Tuesday, July 20, 2010

Ah, Sweet, Sweet Bitters, in Search of a Better Cocktail

It was an early rise on my day off. Heading across town in the summer morning to meet with Matteo Luxardo and taste through his family's legendary wares.

The Luxardo company has been in existence since 1821 when Girolamo Luxardo moved the family from Genoa to Zara, on the Dalmatian coast to establish a Maraschino distillery, the region being the only habitat for the Marasca cherry. The company became one of the largest liqueur producers in Italy, exporting the Luxardo Maraschino liqueur around the world. After the factory was destroyed during World War II, it was rebuilt south of Padua, where they planted a 200 acre cherry orchard. Today the family still owns and manages the company which produces a range of 11 liqueurs plus their famous Marasca cherries, both in syrup and jam.

So why is it so special? 

Because better cocktails demand better ingredients. Period. End of story. Great spirits are the base. Great flavoring agents are the modifiers. The Luxardo products are uniformly precise in flavor definition. Flavors are intense without being overpowering, sweet without being cloying. The intensity of flavor combined with seeming lightness make the Luxardo products such great flavoring agents. I'll just run briefly through my tasting notes.

Limoncello - Made from Sicilian lemons which are large, with thick skins and a thick zest. Bright yellow and transparent. Brilliant lemon zest with a long bright finish. Sweet but never loses the sense of tartness. Filtered to meet market expectations of clarity, but an unfiltered will be available in the near future. Most commonly served straight up from the freezer. Add soda for a refreshing summer cooler. Or it will make a great sno-cone!

Italian Triplum Triple-sec - Wow, this is intense stuff! Initial aromatic attack of bitter orange that becomes richer and sweeter on the floral finish. Made with with bitter oranges, sweet oranges, mandarin oranges  and orange blossoms. For me, this product redefines triple-sec.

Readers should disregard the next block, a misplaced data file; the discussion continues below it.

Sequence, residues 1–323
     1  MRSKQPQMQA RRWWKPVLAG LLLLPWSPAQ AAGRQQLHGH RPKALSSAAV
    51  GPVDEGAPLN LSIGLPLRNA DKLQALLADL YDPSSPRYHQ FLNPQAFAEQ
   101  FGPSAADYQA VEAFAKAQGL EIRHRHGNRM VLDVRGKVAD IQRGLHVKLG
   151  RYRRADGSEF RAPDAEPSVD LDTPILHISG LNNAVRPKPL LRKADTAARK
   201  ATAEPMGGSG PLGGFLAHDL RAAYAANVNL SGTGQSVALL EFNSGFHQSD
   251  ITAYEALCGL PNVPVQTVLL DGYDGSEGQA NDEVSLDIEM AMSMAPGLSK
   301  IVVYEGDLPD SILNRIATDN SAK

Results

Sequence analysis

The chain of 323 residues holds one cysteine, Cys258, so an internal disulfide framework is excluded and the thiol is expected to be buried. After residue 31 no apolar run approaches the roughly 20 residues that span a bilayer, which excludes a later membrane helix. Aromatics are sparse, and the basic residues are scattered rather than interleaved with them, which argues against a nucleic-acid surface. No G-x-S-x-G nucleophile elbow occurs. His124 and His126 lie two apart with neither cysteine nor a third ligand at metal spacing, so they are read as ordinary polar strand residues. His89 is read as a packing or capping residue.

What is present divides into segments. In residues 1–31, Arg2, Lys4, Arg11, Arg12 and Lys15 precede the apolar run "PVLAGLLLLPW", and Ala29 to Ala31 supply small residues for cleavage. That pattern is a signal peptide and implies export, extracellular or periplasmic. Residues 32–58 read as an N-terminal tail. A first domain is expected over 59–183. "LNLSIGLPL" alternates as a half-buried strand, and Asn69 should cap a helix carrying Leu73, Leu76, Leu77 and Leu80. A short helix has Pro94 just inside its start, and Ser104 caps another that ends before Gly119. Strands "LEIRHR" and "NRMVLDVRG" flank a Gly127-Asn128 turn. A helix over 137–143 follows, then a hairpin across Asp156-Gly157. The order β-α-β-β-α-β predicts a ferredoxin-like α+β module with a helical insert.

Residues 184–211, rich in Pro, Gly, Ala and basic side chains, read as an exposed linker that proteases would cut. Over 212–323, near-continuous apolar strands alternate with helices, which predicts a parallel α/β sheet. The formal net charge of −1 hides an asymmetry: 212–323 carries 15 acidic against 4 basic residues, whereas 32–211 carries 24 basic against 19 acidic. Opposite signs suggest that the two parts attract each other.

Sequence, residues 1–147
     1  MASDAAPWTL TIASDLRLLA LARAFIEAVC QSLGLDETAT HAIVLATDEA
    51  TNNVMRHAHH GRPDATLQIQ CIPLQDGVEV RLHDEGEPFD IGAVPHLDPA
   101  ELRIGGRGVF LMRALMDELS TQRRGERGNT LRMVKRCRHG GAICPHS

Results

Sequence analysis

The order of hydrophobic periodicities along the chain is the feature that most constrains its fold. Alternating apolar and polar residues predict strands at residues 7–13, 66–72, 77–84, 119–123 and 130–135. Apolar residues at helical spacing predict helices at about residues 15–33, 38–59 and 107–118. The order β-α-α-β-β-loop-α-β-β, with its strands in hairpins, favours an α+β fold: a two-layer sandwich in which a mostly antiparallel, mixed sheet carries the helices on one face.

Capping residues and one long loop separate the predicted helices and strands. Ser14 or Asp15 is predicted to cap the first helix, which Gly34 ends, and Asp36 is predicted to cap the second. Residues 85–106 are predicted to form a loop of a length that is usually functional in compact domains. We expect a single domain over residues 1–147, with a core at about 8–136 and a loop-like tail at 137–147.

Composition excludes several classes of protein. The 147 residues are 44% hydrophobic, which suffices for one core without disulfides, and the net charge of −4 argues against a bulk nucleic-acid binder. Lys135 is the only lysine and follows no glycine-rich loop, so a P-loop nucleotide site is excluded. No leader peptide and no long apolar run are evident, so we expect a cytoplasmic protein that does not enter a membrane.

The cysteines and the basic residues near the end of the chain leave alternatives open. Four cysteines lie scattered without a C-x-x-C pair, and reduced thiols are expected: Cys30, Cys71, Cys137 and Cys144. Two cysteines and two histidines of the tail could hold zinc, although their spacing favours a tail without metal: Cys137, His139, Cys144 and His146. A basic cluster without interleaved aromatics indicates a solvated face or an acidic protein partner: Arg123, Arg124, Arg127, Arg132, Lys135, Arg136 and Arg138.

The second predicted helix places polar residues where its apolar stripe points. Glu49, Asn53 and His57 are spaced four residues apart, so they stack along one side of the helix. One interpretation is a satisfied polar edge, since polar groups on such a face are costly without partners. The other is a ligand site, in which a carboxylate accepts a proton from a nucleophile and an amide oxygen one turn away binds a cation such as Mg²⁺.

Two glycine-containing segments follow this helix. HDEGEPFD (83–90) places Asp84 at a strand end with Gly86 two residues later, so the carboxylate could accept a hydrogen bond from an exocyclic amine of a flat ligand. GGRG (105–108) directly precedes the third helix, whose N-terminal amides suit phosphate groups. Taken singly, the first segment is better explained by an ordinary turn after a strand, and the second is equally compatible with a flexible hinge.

Maraschino Liqueur - Clear liqueur with intense, deep, rich essence of cherry. White and milk chocolates come from the depth of the natural flavor of the Marasca cherries. Hints of almond aromatics come from the pits. The product is pure cherry. Fruit comes from the 22,000 trees in the Luxardo orchards in the Euganean Hills near Padua. After fermentation and maturation in larch vats, the juice is distilled in small pot stills and aged for two years in Finnish ash before dilution and bottling. Excellent over fruit and an essential element to a well stocked bar.

Amaretto di Saschira - Light essence of almond with hints of caramel. I'm drinking the macaroons my grandmother used to buy at Henri's Bakery in Atlanta 50 years ago (Until today I always thought it was Henry's!). Made from pure almond paste from Sicilain almonds, aged in larch vats to mature the spirit before bottling. No apricot pits, peach pits or concentrated flavorings. Another product redefined!

Sambuca di Cesari - All Mediterranean countries have their anise based spirit, Sambuca is strictly Italian. An infusion of elderberries (Sambuca nigra) grown near the distillery and green anniseed, the clear liqueur has rich anise flavor and viscous, thick mouthfeel and is not as sweet as one would expect. Elderberries have long been known for their digestive and tonic benefits.

An impressive portfolio of liqueurs. The overarching uniformity of style is noteworthy. All products other than the maraschino and the grappa are infusions which use a distillation of beet sugars as the alcohol base. Matteo says they use the beet product because of the sweetness and neutrality of the spirits.

We also tasted the Luxardo Marasca Cherries themselves which are just unreal. The color of the fruit and the syrup is a deep, dark unctuous red and that's just the way they taste. Simply put, they transform cocktails. Try a Manhattan made with an outstanding rye whiskey, a high quality sweet vermouth and a Luxardo Marasca cherry and you'll be a believer. Or just put one on a chocolate sundae! Become a believer.

And that was the end of the regular meeting. Grappa and Bitters were available for the hardcore.

Grappa Euganea - Made from Cabernet Sauvignon, Cabernet Franc and Merlot grown in the Euganean Hills in Veneto. Slightly smoky and nutty aromatics are followed by  a warm and viscous grappa. Does not have the burn and jet-fuel characteristics of most grappa. 

Luxardo Amaro Abano - Amaro means bitter. Abano Amaro is a medium bitter with sweet smoky bitter orange with cinammon, cardomom and long warm finish infused with sweet bitter (yes!) herbs. Very approachable. Traditionally a digestive, a favorite with the new mixologists. 

Luxardo Bitters - A Campari-type aperitif in the Luxardo style. The flavorings come from the infusion of several herbs and spices such as sweet orange, bitter orange, rhubarb, mint, marjoram and thyme. Drink it before dinner to stimulate the appetite. 

Luxardo Fernet - A bracing attack of bitter herbs fused with sweet fruit and eucalyptus sustained by overwhelming aromatics that hang around.

The hardcore group was buzzing with excitement at the conclusion. Most of the products are in stock most of the time at Sigel's. We hope to have the three bitters on the shelf soon.

The morning sun had intensified when we wandered into the parking lot and our next destination was not in question: Drip Coffee for a double shot of the best espresso in Dallas.

Better make that a double-double.

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